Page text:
The agreement between Newark and the Port Authority sets forth that the Authority shall operate the Air Terminal and provide "appropriate and needed facilities"; the Authority has the responsibility for maintaining all of the highways within the Terminal and also has the responsibility for snow and ice removal; and the Authority has undertaken to provide "police for patrolling, for guarding and for traffic control * * *." The agreement explicitly provides that Newark will have no responsibility for maintaining police or fire personnel in the Terminal although it will respond to calls from the Authority in the event of "crime, rioting, disasters and other emergencies * * *." The Authority has undertaken to provide suitable liability insurance and to hold Newark harmless from any claims for personal injuries suffered by persons within the Air Terminal and has agreed to abide by Newark's health, fire and building codes to the extent that the Authority "finds it practicable so to do" without interfering with the efficiency of its Air Terminal operations. And finally the agreement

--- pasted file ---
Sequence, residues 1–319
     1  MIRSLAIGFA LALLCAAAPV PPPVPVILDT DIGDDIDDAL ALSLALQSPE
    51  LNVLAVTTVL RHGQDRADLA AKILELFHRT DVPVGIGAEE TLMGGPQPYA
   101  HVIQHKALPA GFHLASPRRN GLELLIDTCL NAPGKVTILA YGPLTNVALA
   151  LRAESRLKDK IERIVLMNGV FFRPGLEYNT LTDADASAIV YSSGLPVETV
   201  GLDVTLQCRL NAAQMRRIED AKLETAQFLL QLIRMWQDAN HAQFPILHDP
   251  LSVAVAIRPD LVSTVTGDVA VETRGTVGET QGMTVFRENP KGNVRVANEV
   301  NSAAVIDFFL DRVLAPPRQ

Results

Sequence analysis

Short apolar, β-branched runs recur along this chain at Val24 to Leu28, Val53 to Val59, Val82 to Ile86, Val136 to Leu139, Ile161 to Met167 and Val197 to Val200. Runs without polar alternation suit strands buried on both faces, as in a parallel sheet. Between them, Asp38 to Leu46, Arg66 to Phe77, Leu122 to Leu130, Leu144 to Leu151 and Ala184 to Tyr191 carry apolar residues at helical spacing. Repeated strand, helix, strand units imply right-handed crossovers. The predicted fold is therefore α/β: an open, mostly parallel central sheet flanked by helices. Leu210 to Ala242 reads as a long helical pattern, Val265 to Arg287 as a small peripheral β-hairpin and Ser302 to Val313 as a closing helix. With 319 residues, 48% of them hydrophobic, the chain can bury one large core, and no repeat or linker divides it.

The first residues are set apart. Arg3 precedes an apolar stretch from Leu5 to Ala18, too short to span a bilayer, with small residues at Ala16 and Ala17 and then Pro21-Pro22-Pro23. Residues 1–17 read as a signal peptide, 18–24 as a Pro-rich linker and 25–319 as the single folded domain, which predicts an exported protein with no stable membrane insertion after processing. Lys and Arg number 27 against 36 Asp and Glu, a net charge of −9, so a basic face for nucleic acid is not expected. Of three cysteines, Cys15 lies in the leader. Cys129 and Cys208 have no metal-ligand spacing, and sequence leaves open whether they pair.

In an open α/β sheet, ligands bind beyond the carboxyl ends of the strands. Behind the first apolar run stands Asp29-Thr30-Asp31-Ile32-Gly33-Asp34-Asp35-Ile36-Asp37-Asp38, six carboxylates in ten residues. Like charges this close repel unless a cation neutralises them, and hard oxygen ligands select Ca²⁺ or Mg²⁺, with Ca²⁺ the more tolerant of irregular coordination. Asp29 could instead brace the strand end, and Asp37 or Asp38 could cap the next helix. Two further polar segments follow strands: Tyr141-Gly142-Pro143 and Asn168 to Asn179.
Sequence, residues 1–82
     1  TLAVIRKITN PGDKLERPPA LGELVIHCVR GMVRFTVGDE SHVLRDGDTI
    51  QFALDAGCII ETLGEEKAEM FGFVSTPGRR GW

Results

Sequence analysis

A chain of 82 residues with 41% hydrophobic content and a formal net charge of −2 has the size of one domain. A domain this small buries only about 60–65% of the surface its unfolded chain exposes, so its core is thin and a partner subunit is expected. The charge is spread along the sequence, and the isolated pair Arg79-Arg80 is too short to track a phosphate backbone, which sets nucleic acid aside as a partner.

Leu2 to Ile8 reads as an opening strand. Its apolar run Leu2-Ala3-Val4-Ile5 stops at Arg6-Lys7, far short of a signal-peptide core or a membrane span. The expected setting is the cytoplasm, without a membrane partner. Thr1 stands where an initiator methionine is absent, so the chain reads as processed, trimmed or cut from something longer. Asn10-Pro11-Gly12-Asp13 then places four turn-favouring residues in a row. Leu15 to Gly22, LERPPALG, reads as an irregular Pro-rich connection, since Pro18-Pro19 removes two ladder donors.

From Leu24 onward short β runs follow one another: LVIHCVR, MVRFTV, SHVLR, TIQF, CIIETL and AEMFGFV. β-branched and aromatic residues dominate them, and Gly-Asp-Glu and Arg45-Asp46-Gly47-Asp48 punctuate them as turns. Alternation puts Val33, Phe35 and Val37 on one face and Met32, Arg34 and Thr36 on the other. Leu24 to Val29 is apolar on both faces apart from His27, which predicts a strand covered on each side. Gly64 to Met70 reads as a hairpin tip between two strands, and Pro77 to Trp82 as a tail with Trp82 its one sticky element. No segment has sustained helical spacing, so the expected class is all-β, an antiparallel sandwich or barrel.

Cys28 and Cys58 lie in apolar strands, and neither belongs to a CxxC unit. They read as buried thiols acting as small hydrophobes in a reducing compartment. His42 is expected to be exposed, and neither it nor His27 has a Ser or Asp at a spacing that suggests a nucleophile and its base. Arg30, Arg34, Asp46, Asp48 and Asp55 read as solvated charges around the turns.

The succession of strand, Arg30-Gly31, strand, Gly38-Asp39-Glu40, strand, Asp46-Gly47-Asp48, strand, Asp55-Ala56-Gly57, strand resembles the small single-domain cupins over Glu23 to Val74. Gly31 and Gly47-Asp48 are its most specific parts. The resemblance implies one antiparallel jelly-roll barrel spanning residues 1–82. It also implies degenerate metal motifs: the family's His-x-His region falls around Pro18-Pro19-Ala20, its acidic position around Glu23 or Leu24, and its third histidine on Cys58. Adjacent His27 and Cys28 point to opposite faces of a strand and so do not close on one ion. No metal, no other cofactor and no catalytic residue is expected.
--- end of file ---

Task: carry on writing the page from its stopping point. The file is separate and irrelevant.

[55 NJ Page 557]

provides that, except as expressly set forth otherwise, the Authority shall have full power to operate and maintain the Air Terminal and to enter into such arrangements with respect to it "as it may deem necessary and desirable." As between Newark and the Authority, the agreement leaves little room to doubt that the Authority has been vested with exclusive control, at least over all matters relating to transportation facilities and operations within the Terminal such as those sought to be conducted by the petitioner. See N.J.S.A. 32:1-154.1 et seq.; State v. Daquino, 56 N.J. Super. 230 (App. Div.), certif. denied, 30 N.J. 603 (1959), cert. denied, 361 U.S. 944, 80 S. Ct. 407, 4 L. Ed. 2d 363 (1960); cf. Kozman v. Trans World Airlines, 236 F.2d 527, 532-33 (2 Cir.), cert. denied, Allied Cleaning Contractors, Inc. v. Allied Maintenance Corp., 352 U.S. 953, 77 S. Ct. 327, 1 L. Ed. 2d 243 (1956); but cf. Silverman v. Wallander, 194 Misc. 532, 87 N.Y.S. 2d 151, 152 (Sup. Ct. 1949).